Sunday, July 31, 2011

Bid Time Return by Richard Matheson

Title: Bid Time Return
Author: Richard Matheson
Publisher:  Viking Press (1975)

Note: This title was also released in 1998 by Tor Books under the title Somewhere In Time
Note2: I thought the original title was far superior and can't figure why it was changed.

Michael; genius, movie reviewer extraordinaire, and all-around fantastic human; and I are sticking with sci-fi again this month but our chosen title is markedly different from the last two pairings we’ve done. I saw this movie many years ago and have read the book for the first time just this month. Click the link below for movie thoughts and read on for bookie stuff.


O Call back yesterday,
Bid time return
-Richard II, Act III, Sc.2


After this quote the book starts with a note from the brother of the protagonist. Amongst other things he says, “Yielding to the publisher, I’ve done extensive pruning in the first section of the manuscript. Again, I’m not sure I’ve done the right thing. I can’t dispute the fact that this section was lengthy and occasionally tedious.”

When I first started reading, the book reminded me of how I felt when watching the movie Buried: what a great idea, I’m glad someone thought of it and pursued it, it’s a shame it’s not the type of thing that keeps my attention. But then, as I progressed through Bid Time Return, I kept coming back to “lengthy and occasionally tedious.” It’s not only an apt description of the beginning, it pretty much describes the entire book.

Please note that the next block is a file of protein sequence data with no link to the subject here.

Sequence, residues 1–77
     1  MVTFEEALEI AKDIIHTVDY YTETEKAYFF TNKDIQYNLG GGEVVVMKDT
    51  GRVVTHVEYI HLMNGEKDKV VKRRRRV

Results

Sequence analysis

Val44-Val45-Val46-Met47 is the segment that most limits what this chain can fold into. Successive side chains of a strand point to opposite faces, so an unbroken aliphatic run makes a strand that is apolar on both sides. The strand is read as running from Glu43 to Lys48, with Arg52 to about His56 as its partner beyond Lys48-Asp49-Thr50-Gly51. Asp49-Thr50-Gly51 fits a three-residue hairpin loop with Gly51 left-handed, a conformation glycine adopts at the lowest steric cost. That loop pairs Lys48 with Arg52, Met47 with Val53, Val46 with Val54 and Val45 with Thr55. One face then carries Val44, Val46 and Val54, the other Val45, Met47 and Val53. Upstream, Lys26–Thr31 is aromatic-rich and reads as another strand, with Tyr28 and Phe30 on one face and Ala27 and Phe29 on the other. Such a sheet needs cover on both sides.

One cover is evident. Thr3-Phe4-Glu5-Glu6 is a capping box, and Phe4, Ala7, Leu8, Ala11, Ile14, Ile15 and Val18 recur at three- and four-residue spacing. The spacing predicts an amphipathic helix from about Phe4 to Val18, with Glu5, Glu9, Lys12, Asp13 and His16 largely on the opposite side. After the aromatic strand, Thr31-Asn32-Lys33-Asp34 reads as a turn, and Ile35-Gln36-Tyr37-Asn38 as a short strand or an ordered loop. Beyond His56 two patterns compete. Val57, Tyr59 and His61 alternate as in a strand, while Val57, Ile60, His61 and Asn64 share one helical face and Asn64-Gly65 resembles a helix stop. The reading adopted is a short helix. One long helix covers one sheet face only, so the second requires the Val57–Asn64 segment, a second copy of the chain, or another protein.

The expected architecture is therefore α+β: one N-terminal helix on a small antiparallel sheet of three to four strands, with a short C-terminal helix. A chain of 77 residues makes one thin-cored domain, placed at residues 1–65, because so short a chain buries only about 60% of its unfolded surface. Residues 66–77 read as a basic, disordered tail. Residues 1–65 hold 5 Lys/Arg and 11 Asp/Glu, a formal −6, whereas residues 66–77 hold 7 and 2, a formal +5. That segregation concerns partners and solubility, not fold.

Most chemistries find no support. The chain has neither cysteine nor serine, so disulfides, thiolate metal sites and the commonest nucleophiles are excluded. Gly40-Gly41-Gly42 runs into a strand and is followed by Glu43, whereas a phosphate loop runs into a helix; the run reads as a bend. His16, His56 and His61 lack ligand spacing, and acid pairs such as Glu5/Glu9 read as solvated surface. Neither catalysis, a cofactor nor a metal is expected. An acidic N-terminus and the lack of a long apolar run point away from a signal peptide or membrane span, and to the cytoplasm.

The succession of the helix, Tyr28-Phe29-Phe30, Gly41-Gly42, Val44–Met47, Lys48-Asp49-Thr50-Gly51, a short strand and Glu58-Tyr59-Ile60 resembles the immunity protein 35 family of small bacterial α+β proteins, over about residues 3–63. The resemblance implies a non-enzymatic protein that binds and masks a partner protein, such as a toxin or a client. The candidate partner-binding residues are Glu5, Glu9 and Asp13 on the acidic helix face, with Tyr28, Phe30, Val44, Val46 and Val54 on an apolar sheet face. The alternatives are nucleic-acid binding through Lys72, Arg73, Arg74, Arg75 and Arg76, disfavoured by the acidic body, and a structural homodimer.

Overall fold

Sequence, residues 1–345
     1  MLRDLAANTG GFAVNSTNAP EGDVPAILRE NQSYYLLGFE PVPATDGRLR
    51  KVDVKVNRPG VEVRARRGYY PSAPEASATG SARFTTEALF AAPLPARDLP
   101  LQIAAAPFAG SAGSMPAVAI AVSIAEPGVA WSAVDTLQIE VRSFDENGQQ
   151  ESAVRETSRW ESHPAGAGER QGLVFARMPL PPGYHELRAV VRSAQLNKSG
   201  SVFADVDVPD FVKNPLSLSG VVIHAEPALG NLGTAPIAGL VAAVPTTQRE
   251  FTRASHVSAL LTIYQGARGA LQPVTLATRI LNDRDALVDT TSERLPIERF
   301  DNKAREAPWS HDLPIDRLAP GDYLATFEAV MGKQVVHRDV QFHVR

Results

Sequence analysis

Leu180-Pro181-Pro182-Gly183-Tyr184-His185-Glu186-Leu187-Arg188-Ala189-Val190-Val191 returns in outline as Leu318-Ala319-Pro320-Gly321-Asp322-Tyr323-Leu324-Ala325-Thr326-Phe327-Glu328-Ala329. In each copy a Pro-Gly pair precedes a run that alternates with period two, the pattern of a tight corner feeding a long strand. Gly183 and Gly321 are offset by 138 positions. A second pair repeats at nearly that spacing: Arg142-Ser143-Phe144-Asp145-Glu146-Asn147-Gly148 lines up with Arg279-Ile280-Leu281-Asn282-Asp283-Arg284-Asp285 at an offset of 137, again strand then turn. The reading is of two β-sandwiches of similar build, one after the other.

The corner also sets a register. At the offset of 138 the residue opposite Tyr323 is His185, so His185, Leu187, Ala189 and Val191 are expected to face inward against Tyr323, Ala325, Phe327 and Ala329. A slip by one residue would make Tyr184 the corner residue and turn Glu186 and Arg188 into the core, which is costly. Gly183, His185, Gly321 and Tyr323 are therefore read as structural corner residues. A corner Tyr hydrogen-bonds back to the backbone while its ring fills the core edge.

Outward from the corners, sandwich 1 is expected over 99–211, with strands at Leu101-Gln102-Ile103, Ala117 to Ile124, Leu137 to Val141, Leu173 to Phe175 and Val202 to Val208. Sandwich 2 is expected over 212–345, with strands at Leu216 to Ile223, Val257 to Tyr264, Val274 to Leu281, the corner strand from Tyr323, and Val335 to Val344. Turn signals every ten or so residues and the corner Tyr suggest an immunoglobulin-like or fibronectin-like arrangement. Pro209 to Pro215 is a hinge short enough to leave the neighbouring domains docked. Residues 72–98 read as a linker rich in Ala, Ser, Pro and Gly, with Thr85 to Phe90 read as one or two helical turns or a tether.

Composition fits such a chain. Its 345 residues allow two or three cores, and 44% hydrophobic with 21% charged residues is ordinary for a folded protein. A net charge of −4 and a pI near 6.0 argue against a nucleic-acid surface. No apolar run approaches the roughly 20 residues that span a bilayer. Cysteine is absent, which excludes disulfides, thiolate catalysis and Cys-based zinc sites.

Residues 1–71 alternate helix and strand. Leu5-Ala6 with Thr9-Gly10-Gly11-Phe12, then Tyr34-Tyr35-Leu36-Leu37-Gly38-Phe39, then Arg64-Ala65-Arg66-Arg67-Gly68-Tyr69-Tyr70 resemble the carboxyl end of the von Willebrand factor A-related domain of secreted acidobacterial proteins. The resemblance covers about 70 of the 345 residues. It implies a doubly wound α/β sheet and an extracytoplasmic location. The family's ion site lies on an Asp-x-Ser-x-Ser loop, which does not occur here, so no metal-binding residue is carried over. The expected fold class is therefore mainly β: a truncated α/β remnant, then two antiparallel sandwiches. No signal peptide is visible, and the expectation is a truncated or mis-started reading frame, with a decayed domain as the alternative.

In 1971 Richard Collier is 36 and receives some news that makes him re-evaluate his entire life and what he will do with the rest of it. Deciding to pursue a personal journey across the US (not even telling his brother where he is going), he flips a coin and makes San Diego his first destination. He had intended to stay only a few days but seeing the portrait of a beautiful actress who performed at his hotel in 1896 changes his plans completely. He is haunted by her face and his attraction to her. He becomes consumed with researching her life and the more he learns about her the more convinced he becomes that he was a part of that life. He expands his research to time travel (as you do) by reading, and obsessing over, a book he finds called Man and Time by J.B. Priestley (his brother kindly inserts a bit of info to let us know he edited out the detailed notes Richard took on the book).

**The rest of this review includes SPOILERS**

Richard’s style begins as one of dictatorial lists of his activities and feelings (with a bit more naval-gazing than I can tolerate in books but he did just learn that he is going to die soon so I should probably forgive him that). I actually enjoyed the point by point movement through his days. It’s easy to read over even if it’s not necessarily compelling in a narrative sense. As he moves closer, in emotion and in time, to Elise McKenna the style changes to traditional story-telling (Richard, being a writer, even comments on his own style changes). Of course, by the time that happens I’d mostly lost interest in the story and was spending my time wondering why. You see, even though I described this as sci-fi it’s pretty much straight up Romance (with one exception that I’ll go into later). This is not a problem for me as I like and read Romance. However, I like and read Romances that are much better than this one. Honestly, I wondered at one point if the entire book was a joke poking fun at Romance. It would have been such a poorly executed joke, though, that I had to assume I was meant to take the story seriously. So, why am I such a hater? It came down to the fact that the characters had no personal agency.